Ambitious benchmarking requires a lot of data. That’s fine if you can find the data, and analyze it. But it’s not always easy. Valuable and up to date external data can be expensive, and often means going to multiple suppliers to get everything you need. That then raises the challenge of analyzing these disparate data sources, often supplied in different formats. Similarly for internal benchmarking. Even mid-size SaaS businesses can run hundreds of different software systems, with data silos between them. It can prove problematic to find and extract the data you need, free from duplication and inaccuracies.
Benchmarking’s value is in helping to steer a business to the right decisions. But if you’re looking at too many benchmarks, they can have the adverse effect, creating noise and confusion. Equally, benchmarking will almost always benefit from segmentation, which discounts less relevant points of comparison and outliers that can skew results. But again, there is a trade-off between how forensic you need to go, to get what you really need. The question should not be “Is this interesting?”, but “Can this be actionable?”
SaaS markets and businesses are a complex maze of connections and interdependencies. So each benchmark should be appraised not only on the value of its insight, but how it relates to the other benchmarks you have selected. The aim should be to have a set of benchmarks that are complementary - in other words, a positive movement of one benchmark should result in a positive movement (directly or indirectly) in the rest, and vice-versa.
SaaS businesses should never be static. Your priorities should adapt to new opportunities and challenges that come with time. As such, benchmarks need to be continually adjusted too. Reviewing your benchmarks every quarter will keep them - and your business - relevant.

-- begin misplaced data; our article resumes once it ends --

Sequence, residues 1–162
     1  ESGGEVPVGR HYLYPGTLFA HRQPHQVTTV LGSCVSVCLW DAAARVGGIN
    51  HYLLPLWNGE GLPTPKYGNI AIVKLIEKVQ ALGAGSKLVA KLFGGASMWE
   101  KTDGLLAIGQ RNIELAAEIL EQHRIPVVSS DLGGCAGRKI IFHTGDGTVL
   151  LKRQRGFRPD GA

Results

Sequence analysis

The increase (or decrease) in sales revenue over a given period of time, expressed as a percentage. Positive revenue growth is a good indicator that a business is heading in the right direction. But it is not a very valuable benchmark by itself. For example, if costs are increasing at a higher rate than revenue, then the business is becoming less profitable. Sometimes, this does not matter. Both startups and enterprise SaaS businesses can target short-term growth at the cost of profit.
ARPU divides the total revenue of all subscribers by the number of subscribers, to determine how much revenue each subscriber is generating over a given period of time. A falling ARPU figure may not be evidence of subscriber churn in itself, but rather the loss of your highest-spending customers.
MRR ensures a SaaS business recognizes a subscriber’s revenue across the duration of their contract term, regardless of when payments are actually taken. Therefore, a customer with an annual contract worth £6,000 will have an MRR of £500. Recurring revenue can also be expressed in quarterly (QRR) or annual (ARR) terms. A falling MRR is usually a signifier of churn in absolute terms (i.e. subscriber numbers).
Getting a customer is one thing; keeping them is another. When a customer leaves, it is called churn. Customer retention is important to all businesses, but for subscription business models like SaaS, where revenue is realized at intervals over the full period of a contract, churn has a more profound impact, because most of the costs associated with that customer have already been sunk. (Find out more about SaaS churn benchmarks)